Lord Of The Rings filmmaker Peter Jackson has created a 3D film about the First World War, “bringing to life” the “human experience” of the conflict.
The Oscar winner has restored 100-year-old footage, some of which has never been seen before, from the Imperial War Museum’s vast archive.
Hand-colourised, it will premiere at the BFI London Film Festival before airing on BBC1 this year.
The film is part of a series of events announced by arts organisation 14-18 NOW.
Jackson said he wanted to restore the footage, some of which has been seen in documentaries before it underwent its transformation, to “beyond anything we’ve ever seen before”.
“We started to do some experiments and I was honestly stunned by the results we were getting,” he said.
“We all know what First World War footage looks like. It’s sped up, it’s fast, like Charlie Chaplin, grainy, jumpy, scratchy, and it immediately blocks you from actually connecting with the events on screen.
“But the results are absolutely unbelievable… This footage looks like it was shot in the last week or two, with high-definition cameras. It’s so sharp and clear now.”
#1418NOW have today announced our closing programme, including headline artists Peter Jackson, Danny Boyle, William Kentridge, Rachel Whiteread, John Akomfrah, Akram Khan and many more. Visit our website for more details: https://t.co/I0h8eE9Tt7 pic.twitter.com/vTLeHiUn62— 14-18 NOW (@1418NOW) January 22, 2018
The Hobbit filmmaker said: “The faces of the men just jump out at you. It’s the faces, it’s the people that come to life in this film.
“It’s the human beings that were actually there, that were thrust into this extraordinary situation that defined their lives.”
Jackson and his team combed through around 600 hours of audio interviews with veterans, from the BBC archives, recorded in the 1960s, 70s and 80s, for the film, which will be shown in UK secondary schools.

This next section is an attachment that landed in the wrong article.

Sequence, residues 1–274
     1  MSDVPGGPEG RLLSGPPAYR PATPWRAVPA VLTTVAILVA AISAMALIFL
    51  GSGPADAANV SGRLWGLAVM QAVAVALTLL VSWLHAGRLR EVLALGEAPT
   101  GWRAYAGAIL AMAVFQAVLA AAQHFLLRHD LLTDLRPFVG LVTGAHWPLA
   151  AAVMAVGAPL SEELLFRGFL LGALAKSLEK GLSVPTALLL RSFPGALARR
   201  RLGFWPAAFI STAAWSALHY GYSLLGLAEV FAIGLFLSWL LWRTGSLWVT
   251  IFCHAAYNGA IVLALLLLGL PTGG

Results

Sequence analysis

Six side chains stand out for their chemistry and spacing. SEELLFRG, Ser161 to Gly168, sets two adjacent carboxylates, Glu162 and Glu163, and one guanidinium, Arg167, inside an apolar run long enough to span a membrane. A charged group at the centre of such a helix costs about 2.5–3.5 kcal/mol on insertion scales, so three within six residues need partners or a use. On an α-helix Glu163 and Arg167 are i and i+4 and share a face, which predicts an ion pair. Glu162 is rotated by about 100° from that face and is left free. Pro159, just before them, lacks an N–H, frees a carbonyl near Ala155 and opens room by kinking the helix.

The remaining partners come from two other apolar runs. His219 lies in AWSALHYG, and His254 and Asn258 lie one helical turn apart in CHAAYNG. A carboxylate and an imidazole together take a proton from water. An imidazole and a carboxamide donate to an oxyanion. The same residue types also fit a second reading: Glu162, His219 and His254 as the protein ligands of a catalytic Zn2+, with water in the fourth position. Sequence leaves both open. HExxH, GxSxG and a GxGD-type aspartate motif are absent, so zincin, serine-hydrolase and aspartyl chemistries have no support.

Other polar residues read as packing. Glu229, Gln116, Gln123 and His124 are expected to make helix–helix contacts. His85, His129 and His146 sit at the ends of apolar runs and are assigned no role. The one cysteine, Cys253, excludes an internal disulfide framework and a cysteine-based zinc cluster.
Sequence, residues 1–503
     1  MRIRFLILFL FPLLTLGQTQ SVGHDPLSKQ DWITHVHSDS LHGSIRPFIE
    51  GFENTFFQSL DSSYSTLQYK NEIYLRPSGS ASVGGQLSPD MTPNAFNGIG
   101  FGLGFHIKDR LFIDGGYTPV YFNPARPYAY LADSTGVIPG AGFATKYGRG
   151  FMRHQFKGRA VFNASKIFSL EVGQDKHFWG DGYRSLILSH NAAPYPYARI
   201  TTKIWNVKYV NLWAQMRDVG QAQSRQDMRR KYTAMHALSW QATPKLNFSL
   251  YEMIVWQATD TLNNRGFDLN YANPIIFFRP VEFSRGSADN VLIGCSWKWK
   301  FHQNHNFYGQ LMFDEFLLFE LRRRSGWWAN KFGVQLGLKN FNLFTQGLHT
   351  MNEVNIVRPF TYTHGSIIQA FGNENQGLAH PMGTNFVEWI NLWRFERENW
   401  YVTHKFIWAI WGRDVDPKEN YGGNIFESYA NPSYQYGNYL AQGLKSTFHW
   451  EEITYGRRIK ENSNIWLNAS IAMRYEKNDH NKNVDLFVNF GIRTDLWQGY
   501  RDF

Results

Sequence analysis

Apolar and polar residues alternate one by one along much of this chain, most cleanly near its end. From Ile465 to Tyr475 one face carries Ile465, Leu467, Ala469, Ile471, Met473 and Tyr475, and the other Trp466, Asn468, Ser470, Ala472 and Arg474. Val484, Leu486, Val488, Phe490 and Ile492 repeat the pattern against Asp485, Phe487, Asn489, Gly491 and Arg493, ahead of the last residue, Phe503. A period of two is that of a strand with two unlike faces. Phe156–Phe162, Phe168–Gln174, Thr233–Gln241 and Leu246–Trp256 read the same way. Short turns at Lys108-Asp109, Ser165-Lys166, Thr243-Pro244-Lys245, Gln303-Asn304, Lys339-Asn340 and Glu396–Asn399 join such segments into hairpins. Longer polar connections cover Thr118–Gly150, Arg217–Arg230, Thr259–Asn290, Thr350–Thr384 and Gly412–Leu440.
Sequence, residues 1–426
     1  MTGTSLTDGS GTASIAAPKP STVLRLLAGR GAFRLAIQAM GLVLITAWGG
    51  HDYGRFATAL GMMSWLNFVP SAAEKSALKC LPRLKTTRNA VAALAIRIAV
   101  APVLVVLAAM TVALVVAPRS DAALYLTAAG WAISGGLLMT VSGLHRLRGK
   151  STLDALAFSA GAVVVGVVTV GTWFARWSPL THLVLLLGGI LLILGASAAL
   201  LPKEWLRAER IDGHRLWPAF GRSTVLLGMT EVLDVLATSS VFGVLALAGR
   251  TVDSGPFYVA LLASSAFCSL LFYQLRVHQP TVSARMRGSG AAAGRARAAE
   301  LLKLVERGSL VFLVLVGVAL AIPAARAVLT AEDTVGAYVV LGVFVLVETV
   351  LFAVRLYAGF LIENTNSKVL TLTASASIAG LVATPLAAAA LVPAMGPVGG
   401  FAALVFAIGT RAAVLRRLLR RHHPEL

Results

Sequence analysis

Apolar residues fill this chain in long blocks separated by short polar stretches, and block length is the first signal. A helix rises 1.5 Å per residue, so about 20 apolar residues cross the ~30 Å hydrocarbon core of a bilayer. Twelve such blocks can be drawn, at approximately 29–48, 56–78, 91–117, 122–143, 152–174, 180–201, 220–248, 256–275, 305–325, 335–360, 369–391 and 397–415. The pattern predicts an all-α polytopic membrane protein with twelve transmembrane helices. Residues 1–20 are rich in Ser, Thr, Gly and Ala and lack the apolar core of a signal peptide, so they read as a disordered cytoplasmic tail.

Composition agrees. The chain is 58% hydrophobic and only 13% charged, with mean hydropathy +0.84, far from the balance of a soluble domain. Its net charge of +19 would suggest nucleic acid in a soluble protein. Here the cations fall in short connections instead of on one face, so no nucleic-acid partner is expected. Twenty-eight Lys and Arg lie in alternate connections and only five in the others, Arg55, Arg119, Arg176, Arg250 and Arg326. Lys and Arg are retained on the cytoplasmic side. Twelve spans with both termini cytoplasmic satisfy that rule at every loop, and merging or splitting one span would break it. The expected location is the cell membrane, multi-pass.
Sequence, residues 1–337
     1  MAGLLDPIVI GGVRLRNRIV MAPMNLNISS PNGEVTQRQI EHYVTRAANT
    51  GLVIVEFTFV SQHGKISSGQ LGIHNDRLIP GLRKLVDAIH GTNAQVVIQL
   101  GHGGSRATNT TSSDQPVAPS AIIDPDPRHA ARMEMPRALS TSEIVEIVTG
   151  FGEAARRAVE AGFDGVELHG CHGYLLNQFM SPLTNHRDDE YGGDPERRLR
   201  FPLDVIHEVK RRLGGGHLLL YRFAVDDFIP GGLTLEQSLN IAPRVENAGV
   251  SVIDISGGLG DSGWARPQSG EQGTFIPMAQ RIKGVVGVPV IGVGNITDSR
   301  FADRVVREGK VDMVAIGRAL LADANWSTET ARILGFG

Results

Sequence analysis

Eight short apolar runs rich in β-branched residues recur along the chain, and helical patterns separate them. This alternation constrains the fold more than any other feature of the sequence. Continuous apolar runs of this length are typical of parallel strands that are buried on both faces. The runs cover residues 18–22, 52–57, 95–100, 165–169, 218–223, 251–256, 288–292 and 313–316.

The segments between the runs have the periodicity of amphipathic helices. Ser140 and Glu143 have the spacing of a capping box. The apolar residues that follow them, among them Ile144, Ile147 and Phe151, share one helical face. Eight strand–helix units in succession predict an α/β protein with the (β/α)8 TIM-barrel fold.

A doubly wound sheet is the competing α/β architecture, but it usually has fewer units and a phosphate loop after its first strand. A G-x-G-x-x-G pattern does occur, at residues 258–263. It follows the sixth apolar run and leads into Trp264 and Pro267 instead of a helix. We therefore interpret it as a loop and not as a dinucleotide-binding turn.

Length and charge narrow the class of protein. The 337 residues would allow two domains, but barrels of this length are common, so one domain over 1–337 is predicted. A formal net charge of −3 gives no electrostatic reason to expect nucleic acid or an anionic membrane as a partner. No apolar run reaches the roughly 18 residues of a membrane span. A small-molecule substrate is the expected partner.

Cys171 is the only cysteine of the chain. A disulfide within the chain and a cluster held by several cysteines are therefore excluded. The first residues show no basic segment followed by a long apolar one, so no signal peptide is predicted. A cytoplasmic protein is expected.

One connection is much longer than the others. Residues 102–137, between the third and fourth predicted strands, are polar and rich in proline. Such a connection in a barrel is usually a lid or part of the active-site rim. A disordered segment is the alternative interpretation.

The interviews show “the experience of what it was like to fight in this war, not the strategy (and) battles (but) the social experience and the human experience of being in the war”, he said.
It will show how the veterans “had to live it, what they had to eat, how they slept at night, how they coped with the fear”, giving “a sense of what it was like to be in this war 100 years ago (from) the perspective of the people that were actually there”, he said.
Highlights commissioned by 14-18 NOW include Processions, “a mass participation artwork” marking the centenary of the Representation Of The People Act, in which some women first gained the right to vote.
Women will be invited to take to the streets of Belfast, Cardiff, Edinburgh and London on June 10 for the event, holding banners, “echoing the practices of the women’s suffrage campaign”.
The season ends by marking Armistice Day on November 11, with a new, yet-to-be announced work by filmmaker Danny Boyle, the mastermind behind the London 2012 opening ceremony, which “will invite people across the UK” to take part.
Other works include a “large-scale” performance, premiering at Tate Modern, telling the story of the millions of African porters and carriers who served British, French and German forces during the conflict.
Rachel Whiteread, famous for casting the interior of a house, has cast the inside of a Nissen hut – the housing built for troops in the war – on the site of a prisoner of war camp in Yorkshire’s Dalby Forest.
The women who carried on running houses and bringing up children during wartime will be marked in Great And Tiny War, in which a house in Newcastle is transformed into a “multimedia installation”.
The role of pigeons as message-carriers in the conflict will be celebrated in a work where a “large flock of pigeons, each carrying a tiny LED light” is “conducted” at dusk “in a spectacle of flight”.
Other works mark post-traumatic stress disorder (PTSD) and pay tribute to Britain’s wounded war veterans.
Digital, Culture, Media and Sport Secretary Matt Hancock said: “The First World War changed Britain and the world forever and we must never forget the sacrifice of all those who served at home and abroad.
“This is an incredible cultural programme that will help even more people learn about how we went from entrenched conflict to peace in 1918.”